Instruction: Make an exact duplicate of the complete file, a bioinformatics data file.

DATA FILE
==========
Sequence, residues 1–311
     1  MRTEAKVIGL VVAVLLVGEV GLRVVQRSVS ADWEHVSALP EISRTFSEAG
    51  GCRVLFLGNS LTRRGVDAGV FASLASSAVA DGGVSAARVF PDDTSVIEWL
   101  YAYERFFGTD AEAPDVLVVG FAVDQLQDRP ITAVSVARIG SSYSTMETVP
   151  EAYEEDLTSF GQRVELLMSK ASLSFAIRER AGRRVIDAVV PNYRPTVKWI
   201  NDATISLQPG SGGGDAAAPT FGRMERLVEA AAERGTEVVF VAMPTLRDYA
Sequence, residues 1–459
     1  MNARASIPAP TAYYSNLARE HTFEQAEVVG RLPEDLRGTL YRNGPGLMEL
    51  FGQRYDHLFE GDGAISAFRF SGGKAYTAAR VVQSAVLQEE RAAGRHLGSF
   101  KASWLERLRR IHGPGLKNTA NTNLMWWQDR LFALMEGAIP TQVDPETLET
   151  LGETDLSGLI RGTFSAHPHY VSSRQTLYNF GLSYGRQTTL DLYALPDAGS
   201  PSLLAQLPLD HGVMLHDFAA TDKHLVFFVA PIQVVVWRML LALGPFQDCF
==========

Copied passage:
Sequence, residues 1–311
     1  MRTEAKVIGL VVAVLLVGEV GLRVVQRSVS ADWEHVSALP EISRTFSEAG
    51  GCRVLFLGNS LTRRGVDAGV FASLASSAVA DGGVSAARVF PDDTSVIEWL
   101  YAYERFFGTD AEAPDVLVVG FAVDQLQDRP ITAVSVARIG SSYSTMETVP
   151  EAYEEDLTSF GQRVELLMSK ASLSFAIRER AGRRVIDAVV PNYRPTVKWI
   201  NDATISLQPG SGGGDAAAPT FGRMERLVEA AAERGTEVVF VAMPTLRDYA
Sequence, residues 1–459
     1  MNARASIPAP TAYYSNLARE HTFEQAEVVG RLPEDLRGTL YRNGPGLMEL
    51  FGQRYDHLFE GDGAISAFRF SGGKAYTAAR VVQSAVLQEE RAAGRHLGSF
   101  KASWLERLRR IHGPGLKNTA NTNLMWWQDR LFALMEGAIP TQVDPETLET
   151  LGETDLSGLI RGTFSAHPHY VSSRQTLYNF GLSYGRQTTL DLYALPDAGS
   201  PSLLAQLPLD HGVMLHDFAA TDKHLVFFVA PIQVVVWRML LALGPFQDCF